WEDNESDAY, Nov. 14 (HealthDay News) -- A new study suggests that when the sun goes down, you might end up happier and better able to learn new things if you turn down all the lights -- even your computer screen.
Unfortunately, the research was done just with mice. But because they share the same set of special light-activated cells in their eyes that humans have -- known as ipRGCs -- it may be that the comparisons could apply to people.
Those cells, called intrinsically photosensitive retinal ganglion cells, are stimulated by bright light, which affects the brain's mood, memory and learning centers, the researchers said.
The study found that chronic exposure to bright light at night elevates cortisol, a stress hormone that can cause depression and reduce thinking function.
"Expose yourself to bright light in the day and avoid it at night," suggested study co-author Samer Hattar, an associate professor of biology and neuroscience at Johns Hopkins University, in Baltimore. "That will keep the ipRGCs that affect mood from being activated."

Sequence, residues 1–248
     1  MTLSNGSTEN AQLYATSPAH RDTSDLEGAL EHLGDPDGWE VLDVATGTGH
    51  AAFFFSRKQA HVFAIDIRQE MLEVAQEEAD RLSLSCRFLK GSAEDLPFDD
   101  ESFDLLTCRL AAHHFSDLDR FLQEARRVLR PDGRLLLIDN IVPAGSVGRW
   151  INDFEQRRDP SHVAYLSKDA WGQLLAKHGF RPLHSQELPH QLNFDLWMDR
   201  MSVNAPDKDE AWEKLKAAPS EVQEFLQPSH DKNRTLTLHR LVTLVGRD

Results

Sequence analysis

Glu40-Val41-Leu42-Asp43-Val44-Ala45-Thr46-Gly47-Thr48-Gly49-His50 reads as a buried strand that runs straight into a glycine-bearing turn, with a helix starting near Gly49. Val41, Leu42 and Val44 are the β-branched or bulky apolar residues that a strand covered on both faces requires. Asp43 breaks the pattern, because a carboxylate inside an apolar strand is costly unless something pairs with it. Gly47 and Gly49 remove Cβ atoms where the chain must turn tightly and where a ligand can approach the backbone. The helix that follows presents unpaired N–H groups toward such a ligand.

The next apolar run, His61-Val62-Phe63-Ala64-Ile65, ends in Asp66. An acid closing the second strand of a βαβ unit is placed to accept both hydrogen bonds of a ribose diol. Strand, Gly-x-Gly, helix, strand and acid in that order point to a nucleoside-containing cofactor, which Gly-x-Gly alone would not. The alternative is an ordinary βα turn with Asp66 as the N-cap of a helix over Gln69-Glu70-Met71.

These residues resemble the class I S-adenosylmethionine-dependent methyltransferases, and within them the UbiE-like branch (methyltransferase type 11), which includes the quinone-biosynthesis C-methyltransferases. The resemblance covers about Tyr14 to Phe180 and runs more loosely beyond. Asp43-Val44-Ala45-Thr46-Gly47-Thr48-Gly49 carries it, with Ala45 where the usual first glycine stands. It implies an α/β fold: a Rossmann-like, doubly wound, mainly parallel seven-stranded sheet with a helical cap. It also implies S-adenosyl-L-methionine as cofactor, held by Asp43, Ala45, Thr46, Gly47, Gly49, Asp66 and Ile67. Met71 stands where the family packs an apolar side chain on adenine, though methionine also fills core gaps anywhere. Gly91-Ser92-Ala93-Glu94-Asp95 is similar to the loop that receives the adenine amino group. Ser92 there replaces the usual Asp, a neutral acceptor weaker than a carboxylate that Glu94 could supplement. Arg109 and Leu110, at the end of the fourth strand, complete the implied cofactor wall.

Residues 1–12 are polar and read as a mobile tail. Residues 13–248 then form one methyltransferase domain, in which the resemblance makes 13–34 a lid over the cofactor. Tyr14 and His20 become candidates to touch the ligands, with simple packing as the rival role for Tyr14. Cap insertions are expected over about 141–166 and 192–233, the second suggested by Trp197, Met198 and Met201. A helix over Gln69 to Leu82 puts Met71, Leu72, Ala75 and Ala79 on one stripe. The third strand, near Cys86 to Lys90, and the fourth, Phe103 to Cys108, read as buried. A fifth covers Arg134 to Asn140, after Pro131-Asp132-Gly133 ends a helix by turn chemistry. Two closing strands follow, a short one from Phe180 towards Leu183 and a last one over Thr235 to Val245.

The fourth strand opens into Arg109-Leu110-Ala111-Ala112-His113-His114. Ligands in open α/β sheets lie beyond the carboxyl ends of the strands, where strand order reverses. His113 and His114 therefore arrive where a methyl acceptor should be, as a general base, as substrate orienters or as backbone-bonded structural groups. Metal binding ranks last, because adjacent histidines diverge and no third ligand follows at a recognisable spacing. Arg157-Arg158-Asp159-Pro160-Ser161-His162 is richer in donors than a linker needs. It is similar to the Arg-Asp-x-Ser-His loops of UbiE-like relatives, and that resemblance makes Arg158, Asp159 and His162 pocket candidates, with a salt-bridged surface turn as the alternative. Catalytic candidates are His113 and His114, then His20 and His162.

The research was published online in the Nov. 14 in the journal Nature.
Hattar said the research team was initially interested in whether seasonal affective disorder (SAD) -- a form of depression people sometimes experience in the lower-light winter months -- applied to mice. They exposed mice to an alternating cycle of 3.5 hours of light and then 3.5 hours of darkness. The mice got depressed.
How do you know that a mouse is sad? They take less interest in sugar and move less in the cage, and they have trouble learning and remembering, Hattar explained. When the mice were given Prozac (fluoxetine), a commonly prescribed antidepressant, their symptoms went away.
To understand the role of the retina's neurological circuits in affecting mood, memory and learning, the researchers studied animals
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